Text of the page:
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  • Mesporous Silica
    Dec 07, 2017 | ACS MATERIAL LLC

    Mesoporous silica materials have gained much attention due to its ordered pore structures and ability to be controlled at micrometer and nanometer scales. The material made excellent candidates to many applications such as drug delivery, adsorption and waste water treatment. The high surface area and narrow pore size distribution make this material suitable as catalysts and templates for other materials. Here, we will discuss what makes this material so unique, the different methods that was used to synthesize them and some of their applications.


    Mesoporous silicas (MS) are solid materials with a porous structure and many empty channels (mesopores) that absorb relatively large amounts of bioactive molecules. MS have originated from different sources of silica (sodium silicate, alkoxides-like tetraethylorthosilicate, etc.) and can decompose into relatively harmless silicic acid by-products which is less challenging for long-term use.1 The silica surface contains a high density of silanol groups that can be modified with multiple organic functional groups.2 This material contains a high specific surface area of 500-1000 m2/g, large pore volume greater than 0.9 cm3/g, chemical/thermal stability and tunable pore size with a narrow distribution of 2-10 nm.3 They are known for their ordered pore structures and various morphologies that appear as either rods, spheres, powders and so on. The mesopores also have their own shapes (i.e. hexagonal, cubic) with diameters that are between 2-50 nm. Differences in the final outcome of the material are based on the changes that were made to the properties of the original molecule.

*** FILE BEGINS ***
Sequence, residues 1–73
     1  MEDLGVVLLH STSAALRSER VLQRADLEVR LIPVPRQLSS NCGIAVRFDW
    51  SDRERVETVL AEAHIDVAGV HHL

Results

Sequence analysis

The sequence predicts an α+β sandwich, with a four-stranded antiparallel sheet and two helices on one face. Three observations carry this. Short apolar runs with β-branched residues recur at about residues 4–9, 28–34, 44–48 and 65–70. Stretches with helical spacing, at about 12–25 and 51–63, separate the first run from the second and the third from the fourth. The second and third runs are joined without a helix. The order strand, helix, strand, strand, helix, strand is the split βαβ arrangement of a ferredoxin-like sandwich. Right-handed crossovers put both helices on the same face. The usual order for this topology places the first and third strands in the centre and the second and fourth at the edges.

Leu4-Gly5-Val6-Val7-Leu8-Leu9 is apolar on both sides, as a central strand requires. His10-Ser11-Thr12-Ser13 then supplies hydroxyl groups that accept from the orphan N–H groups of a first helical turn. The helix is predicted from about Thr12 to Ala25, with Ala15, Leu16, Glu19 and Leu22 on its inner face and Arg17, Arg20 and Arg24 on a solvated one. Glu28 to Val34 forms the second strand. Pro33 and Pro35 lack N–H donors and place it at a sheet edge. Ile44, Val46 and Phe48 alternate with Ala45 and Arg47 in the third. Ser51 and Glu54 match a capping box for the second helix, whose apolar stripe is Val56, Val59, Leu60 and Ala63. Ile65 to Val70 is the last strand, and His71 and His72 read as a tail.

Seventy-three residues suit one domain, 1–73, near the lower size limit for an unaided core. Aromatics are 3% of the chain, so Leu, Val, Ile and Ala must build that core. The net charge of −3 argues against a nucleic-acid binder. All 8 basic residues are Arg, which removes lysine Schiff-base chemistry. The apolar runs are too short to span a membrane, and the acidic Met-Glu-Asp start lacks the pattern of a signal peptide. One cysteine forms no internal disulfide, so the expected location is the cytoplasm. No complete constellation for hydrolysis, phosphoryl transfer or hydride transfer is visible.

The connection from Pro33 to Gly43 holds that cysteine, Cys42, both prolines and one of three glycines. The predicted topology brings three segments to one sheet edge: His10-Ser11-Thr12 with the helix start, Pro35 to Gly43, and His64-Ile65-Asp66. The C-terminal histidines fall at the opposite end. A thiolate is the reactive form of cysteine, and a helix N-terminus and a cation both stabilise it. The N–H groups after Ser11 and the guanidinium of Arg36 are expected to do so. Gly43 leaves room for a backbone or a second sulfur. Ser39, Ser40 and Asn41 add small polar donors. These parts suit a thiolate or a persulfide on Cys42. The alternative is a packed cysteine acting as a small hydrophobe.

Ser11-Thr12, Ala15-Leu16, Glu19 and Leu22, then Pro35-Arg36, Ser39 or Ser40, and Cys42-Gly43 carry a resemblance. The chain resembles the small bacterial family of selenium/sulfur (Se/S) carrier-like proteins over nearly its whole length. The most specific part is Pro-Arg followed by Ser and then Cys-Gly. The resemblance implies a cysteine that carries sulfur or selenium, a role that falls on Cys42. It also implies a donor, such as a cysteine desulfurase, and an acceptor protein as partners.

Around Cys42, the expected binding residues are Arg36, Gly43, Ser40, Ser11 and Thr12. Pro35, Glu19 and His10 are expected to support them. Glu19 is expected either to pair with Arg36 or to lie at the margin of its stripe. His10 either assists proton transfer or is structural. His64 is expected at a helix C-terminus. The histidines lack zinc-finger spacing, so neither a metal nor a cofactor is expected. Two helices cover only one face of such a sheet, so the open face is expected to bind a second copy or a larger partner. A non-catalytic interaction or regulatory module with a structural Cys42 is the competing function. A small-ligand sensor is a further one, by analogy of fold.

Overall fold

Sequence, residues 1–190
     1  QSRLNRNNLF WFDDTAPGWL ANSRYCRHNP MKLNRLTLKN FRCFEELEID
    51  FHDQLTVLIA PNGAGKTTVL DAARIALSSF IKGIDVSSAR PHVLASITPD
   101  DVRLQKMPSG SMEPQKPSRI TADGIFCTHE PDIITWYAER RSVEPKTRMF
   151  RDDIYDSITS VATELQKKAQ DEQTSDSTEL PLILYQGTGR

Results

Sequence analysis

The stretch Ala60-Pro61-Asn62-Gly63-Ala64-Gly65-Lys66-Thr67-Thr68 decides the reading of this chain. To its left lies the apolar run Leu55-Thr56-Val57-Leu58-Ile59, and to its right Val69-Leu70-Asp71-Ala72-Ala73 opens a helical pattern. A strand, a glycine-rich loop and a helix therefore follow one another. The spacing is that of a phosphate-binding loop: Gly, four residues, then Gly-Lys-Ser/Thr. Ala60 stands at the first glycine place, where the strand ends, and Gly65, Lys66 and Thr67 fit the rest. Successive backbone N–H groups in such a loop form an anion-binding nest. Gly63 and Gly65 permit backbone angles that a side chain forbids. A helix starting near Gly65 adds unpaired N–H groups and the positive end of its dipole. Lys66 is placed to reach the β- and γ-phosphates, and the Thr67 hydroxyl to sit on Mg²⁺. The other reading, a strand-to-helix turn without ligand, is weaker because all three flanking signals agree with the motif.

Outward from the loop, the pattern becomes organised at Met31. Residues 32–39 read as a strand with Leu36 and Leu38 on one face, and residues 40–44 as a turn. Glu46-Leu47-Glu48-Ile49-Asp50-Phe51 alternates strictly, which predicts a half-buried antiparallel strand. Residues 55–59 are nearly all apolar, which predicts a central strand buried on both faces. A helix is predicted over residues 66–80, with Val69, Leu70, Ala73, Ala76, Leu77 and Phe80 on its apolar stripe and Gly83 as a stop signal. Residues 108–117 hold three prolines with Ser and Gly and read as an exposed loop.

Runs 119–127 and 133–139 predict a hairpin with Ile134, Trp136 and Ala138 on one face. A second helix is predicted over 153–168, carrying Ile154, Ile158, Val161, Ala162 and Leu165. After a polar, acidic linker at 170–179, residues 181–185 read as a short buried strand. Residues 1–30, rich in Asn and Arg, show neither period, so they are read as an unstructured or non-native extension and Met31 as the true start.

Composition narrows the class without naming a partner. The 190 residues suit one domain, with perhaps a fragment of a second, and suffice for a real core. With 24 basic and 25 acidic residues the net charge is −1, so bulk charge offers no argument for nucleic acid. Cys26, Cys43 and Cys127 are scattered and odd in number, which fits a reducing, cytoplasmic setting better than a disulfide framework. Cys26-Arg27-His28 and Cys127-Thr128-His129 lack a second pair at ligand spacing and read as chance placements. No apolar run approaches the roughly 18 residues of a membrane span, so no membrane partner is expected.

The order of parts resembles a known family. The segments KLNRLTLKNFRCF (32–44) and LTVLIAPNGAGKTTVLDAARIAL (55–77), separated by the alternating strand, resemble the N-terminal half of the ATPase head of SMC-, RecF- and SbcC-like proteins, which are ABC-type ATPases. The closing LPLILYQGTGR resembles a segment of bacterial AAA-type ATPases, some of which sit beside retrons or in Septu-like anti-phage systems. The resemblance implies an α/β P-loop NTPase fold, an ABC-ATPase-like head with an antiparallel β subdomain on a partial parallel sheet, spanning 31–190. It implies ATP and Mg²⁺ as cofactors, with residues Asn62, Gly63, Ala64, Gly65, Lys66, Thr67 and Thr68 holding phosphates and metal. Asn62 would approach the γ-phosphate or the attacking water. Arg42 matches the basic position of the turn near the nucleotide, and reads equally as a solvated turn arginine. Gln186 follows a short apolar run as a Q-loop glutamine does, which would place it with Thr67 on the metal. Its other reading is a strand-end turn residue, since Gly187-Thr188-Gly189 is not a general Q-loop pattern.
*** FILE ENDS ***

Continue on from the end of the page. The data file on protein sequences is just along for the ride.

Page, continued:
Many variations of MS (i.e. MCM, SBA, KIT) exist with different wall thicknesses, pore sizes and shapes. The corresponding numbers for each type of MS represent its own specific pore structure and surfactant that sets them apart from each other. For example, MCM-41, MCM-48 and MCM-50 (Mobil Crystalline Material) have pore geometries that are hexagonal, cubic and lamellar, respectively, with different wall thicknesses. The characteristics of each MS species depend on the synthesis since the specifications are tunable.


    MS are synthesized with surfactants used as templates for the polycondensation of silica species that have originated from different silica sources such as sodium silicate, tetraethyl- (TEOS) or tetramethylorthosilicate (TMOS). Synthesis conditions depend on the source of silica, type of surfactant, ionic strength, and composition of the reaction mixture which will then determine the characteristics of the porous structure and macroscopic morphology.1 Surfactants play an important role in synthesizing MS as it will ultimately determine the pore size and structure. Many types of ionic and non-ionic surfactants have been used to obtain different pore structures and morphologies.4 In fact, the SBA-type (Santa Barbara Amorphous) silica materials were first synthesized by Zhao et al. using non-ionic triblock copolymers as a template since it is nontoxic, biodegradable and inexpensive.5

    The sol-gel method has also been applied to synthesize MS which involves a colloidal solution (sol) where micelles are formed by surfactants and dispersed in an aqueous solution. After a silica precursor has been added, the sol gradually transitions into a gel-like network containing both the solid and liquid phase. After the sol-gel reaction, the hydrothermal method has been applied as a synthesis and post-synthesis treatment of mesoporous silica as it can potentially increase hydrothermal stability, improve mesoscopic regularity and extend pore size.6 Adding the hydrothermal treatment promotes the gelation of the silica sol and extension of the 3D network to fabricate a rigid silica framework.7 ACS Material has utilized the hydrothermal method to synthesize some mesoporous silica products as shown in Figure 1 for MCM-41.

    TEM MCM-41

    Figure 1. ACS Material TEM image of MCM-41 that was synthesized using the hydrothermal method.